Thousands of expats cast first votes

Wednesday, April 15, 2009

Pretoria - Thousands of South Africans worldwide are already descending on missions abroad to cast their votes today.

At least 16 240 registered South Africans abroad are expected to vote at South African embassies today, in a process that will be overseen by the Independent Electoral Commission (IEC) at 124 missions.

Being temporarily absent from the country for the purpose of a holiday, a business trip, attending a tertiary institution, on an educational visit or participating in an international sports event also qualifies for a special vote today at missions abroad.

Voting stations at South African missions abroad opened at 7am and is expected to close at 5pm in the respective countries.

Reports say voters are already queuing outside the South African High Commission in London on Wednesday morning as hundreds of citizens wait to vote.

An estimated 7 472 expatriates are expected to turn out in London at the largest South African polling station. Chief electoral officer Pansy Tlakula is at the station.

Voting in Canberra (Australia) has neared completion. There were over 1 230 registered South Africans in the capital who were expected to cast their votes today.

Dubai (United Arab Emirates) is expected to have 900 South Africans descending at its South African mission, while Wellington (New Zealand), where voting is also reported to be nearing completion, was expecting 410 South Africans to cast their votes.

The Hague (The Netherlands) has 378 registered voters, while Dublin (Ireland) has 360.

Election fever is expected to be in low gear in Israel in the Palestine territories as only 75 people registered to vote at the South African Embassy in Ra'anana while just one person has registered to vote in Ramallah in the West Bank.

One of the factors that may keep people away there is that today is the last day of the Jewish festival of Pass Over and observant Jews are not allowed to work, let alone vote on that day.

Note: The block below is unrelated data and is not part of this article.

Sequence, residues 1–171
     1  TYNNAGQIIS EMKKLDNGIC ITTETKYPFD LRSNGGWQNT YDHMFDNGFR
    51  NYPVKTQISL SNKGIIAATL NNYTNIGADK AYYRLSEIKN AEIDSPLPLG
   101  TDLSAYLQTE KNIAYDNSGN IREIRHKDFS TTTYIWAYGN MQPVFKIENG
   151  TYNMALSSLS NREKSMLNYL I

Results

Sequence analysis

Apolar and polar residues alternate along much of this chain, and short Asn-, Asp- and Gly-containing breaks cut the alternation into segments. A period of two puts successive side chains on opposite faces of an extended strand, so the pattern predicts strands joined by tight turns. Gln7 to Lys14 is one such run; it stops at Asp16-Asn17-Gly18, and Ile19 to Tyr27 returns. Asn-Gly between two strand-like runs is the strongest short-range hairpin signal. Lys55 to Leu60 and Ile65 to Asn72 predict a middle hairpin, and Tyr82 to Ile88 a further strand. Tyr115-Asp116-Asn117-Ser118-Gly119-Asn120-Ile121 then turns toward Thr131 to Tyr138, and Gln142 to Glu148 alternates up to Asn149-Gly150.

Other voting stations with the lowest number of registered voters are Asmara (Eritrea), Suva (Fiji), Ramallah (Palestine), Bujumbura (Burundi) and Trinidad and Tobago (Port of Spain) with only one voter each.

Meanwhile, Foreign Affairs Minister Nkosazana Dlamini-Zuma and her South African delegation are expected to cast their vote in Geneva, Switzerland later today.

The minister will not be in the country on 22 April, due to official engagements in Geneva where she will be leading a South African government delegation to the UN World Conference Against Racism, Xenophobia and related Intolerances.

Election officials, members of the security forces performing election duty as well as South Africans who will be outside the borders of the country who have indicated they wanted to vote before departure, will vote on 20 and 21 April between 9am and 5pm at the office of the presiding officer of the voting district in which they have registered.

To ensure both the secrecy and legitimacy of overseas votes, the Independent Electoral Commission (IEC) has set up a two envelope system.

Once a voter at an overseas mission has cast their vote in secret it is placed in an unmarked envelope and sealed.

This unmarked envelope is then placed in another envelope with the voter's name, ID number and voter district number. The envelopes are then placed in a ballot box which is sealed.

When it is opened on Election Day, 22 April, the details on the marked envelope are checked against the voters' roll and if there is no irregularity, the unmarked envelope is placed in the ballot box.

This ensures the vote is anonymous when the ballot is then counted.

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